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Under Medicare, preauthorization now required for durable medical equipment

For individuals who are age 65 and older or who are permanently disabled, Medicare provides vital health insurance coverage to help pay for doctor visits, medical procedures, hospital stays, physical therapy, prescription drugs and medical equipment. According to The Henry J. Kaiser Family Foundation, during 2014, Medicare spending totaled $597 billion and accounted for 14 percent of the federal government’s total budget. Additionally, during 2013, Medicare spending accounted for “22 percent of national health spending, 26 percent of spending on hospital care, and 22 percent of spending on physician services.”

While most politicians and healthcare providers agree that Medicare is a vital program, they often disagree about the scope and need for many of the regulatory rules that are imposed on healthcare providers and facilities under Medicare with regard to authorization, payments and reimbursements. One recent and controversial change that was instituted by the Centers for Medicare & Medicaid Services relates to the preauthorization for reimbursement of the costs associated with durable medical equipment or DME.

According to the Council for Medicare Integrity, during fiscal year 2014, Medicare reportedly paid out $5 billion in improper payments related to DME. In an effort to reduce the number of fraudulent and unnecessary DME reimbursement claims, physicians will now be required to obtain authorization and approval prior to any Medicare reimbursements being issued.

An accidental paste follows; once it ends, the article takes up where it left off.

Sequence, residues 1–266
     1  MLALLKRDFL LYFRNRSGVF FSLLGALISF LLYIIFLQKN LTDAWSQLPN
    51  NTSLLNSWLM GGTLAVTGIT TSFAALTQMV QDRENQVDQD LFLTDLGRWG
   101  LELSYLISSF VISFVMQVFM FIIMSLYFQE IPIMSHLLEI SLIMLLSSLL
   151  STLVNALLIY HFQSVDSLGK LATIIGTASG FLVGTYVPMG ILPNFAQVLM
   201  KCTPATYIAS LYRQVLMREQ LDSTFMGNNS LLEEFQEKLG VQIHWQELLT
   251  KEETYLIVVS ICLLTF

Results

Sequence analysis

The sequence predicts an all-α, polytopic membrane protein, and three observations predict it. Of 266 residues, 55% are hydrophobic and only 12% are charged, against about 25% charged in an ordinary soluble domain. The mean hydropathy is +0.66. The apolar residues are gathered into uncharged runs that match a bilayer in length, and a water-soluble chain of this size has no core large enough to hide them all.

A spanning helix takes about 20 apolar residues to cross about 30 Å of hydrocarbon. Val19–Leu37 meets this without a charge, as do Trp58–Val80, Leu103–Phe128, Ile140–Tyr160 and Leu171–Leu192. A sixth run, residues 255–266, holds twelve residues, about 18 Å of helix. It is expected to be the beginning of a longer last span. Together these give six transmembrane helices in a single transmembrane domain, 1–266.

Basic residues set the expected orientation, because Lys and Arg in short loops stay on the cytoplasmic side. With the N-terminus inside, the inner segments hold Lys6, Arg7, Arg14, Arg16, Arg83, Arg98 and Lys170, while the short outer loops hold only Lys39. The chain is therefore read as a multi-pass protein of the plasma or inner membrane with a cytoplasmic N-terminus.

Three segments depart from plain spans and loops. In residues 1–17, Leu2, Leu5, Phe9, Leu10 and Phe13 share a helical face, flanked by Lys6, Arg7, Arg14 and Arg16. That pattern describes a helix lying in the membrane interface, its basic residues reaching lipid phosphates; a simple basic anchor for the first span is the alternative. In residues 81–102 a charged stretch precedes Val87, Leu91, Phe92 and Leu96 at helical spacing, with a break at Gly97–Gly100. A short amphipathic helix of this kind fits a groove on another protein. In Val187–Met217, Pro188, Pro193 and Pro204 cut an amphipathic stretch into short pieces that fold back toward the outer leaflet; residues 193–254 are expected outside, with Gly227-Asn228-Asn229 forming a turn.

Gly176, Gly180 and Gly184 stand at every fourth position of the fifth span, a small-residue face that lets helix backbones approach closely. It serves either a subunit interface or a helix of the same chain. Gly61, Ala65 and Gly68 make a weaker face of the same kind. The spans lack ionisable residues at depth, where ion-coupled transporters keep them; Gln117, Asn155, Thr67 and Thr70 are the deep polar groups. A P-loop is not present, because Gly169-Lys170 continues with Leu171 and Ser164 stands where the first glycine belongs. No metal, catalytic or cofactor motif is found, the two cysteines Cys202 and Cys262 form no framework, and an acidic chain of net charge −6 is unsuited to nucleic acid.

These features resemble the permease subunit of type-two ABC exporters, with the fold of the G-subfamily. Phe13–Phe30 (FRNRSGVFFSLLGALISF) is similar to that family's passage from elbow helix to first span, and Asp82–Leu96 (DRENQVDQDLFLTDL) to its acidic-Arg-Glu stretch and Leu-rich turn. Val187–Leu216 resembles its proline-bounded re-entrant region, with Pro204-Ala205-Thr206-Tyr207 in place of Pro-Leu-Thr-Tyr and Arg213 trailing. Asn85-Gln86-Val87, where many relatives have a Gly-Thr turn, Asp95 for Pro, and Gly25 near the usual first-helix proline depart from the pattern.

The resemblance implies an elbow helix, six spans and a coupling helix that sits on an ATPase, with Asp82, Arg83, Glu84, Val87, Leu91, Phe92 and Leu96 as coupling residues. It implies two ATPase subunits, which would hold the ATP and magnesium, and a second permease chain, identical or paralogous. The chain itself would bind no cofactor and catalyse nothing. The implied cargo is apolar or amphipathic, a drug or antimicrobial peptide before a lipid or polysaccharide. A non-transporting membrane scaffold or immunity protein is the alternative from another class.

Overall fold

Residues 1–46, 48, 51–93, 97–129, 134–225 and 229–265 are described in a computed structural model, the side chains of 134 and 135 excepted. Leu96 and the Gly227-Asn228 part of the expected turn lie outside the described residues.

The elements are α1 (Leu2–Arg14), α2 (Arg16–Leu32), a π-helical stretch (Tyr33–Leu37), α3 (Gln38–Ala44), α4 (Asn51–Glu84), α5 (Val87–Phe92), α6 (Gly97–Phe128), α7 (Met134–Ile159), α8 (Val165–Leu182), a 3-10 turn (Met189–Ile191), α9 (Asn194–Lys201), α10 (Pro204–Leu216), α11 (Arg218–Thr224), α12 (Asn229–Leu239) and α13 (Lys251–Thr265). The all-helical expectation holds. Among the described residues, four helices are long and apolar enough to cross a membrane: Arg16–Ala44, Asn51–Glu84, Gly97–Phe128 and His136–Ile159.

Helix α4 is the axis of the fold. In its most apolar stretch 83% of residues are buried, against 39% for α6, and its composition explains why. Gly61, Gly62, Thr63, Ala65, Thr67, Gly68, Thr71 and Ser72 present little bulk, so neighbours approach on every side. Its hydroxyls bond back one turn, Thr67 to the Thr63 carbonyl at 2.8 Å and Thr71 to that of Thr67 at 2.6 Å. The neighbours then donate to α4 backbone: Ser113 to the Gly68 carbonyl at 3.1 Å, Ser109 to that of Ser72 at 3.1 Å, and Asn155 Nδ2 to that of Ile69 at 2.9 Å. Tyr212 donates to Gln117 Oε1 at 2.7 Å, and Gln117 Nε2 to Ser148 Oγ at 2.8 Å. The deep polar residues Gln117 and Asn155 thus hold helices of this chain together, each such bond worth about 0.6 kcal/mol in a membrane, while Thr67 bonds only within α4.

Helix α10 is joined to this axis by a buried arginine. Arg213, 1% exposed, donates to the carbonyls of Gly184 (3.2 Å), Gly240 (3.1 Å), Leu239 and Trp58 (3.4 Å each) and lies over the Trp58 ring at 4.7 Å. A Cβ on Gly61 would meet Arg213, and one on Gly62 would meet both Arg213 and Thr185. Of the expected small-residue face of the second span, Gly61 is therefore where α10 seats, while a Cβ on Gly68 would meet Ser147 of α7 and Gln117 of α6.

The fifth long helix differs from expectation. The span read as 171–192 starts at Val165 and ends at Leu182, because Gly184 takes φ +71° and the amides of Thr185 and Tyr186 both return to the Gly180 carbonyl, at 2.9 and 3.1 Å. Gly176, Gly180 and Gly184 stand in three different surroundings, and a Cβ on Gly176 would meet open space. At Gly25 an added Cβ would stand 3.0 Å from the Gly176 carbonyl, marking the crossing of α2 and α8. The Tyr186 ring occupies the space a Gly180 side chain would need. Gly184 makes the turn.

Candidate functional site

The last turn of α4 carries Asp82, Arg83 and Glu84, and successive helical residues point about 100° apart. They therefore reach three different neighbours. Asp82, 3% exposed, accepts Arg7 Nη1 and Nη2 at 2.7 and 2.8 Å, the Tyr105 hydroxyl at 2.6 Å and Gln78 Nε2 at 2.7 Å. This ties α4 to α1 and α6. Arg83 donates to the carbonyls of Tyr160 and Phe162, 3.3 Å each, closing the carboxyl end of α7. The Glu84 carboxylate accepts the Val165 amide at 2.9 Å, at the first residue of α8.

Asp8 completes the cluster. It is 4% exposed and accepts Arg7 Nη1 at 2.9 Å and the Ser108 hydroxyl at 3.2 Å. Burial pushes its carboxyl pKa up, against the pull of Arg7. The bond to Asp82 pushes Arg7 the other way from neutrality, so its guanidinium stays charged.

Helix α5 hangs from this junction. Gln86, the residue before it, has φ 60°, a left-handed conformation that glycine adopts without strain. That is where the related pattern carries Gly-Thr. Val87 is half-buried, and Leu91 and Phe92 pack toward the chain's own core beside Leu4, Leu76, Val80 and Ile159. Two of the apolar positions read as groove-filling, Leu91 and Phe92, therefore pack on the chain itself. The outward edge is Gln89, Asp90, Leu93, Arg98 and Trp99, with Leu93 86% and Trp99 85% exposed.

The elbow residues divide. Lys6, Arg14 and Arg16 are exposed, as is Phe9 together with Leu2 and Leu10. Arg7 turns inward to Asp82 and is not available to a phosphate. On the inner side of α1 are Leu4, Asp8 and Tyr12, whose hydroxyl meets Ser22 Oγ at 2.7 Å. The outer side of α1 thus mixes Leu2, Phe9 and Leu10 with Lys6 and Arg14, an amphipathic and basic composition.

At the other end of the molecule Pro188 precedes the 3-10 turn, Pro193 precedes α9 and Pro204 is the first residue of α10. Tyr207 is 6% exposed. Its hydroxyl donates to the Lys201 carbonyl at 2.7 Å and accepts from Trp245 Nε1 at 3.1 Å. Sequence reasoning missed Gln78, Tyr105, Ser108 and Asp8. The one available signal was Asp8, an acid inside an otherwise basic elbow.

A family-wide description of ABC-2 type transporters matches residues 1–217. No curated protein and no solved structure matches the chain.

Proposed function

While proponents of this rule change argue it “could save Medicare $10 million within the first year,” alone, doctors and other healthcare professionals worry that the requirement of obtaining preauthorization will ultimately come at a cost to patients’ health, safety and satisfaction.

For a patient who is in need of a wheelchair or prosthetic, the Centers for Medicare & Medicaid Services’ pledge to issue a determination “within 10 business days,” likely provides little comfort. Physicians, who have questions or concerns about compliance issues surrounding this new rule, would be wise to consult with an attorney.

Source: Becker Hospital Review, “New CMS prior authorization rule could save Medicare $580M,” Brooke Murphy, Dec. 30, 2015

Becker Hospital Review, “How will the DME prior authorization rule affect revenue cycles?,” Brooke Murphy, Dec. 30, 2015

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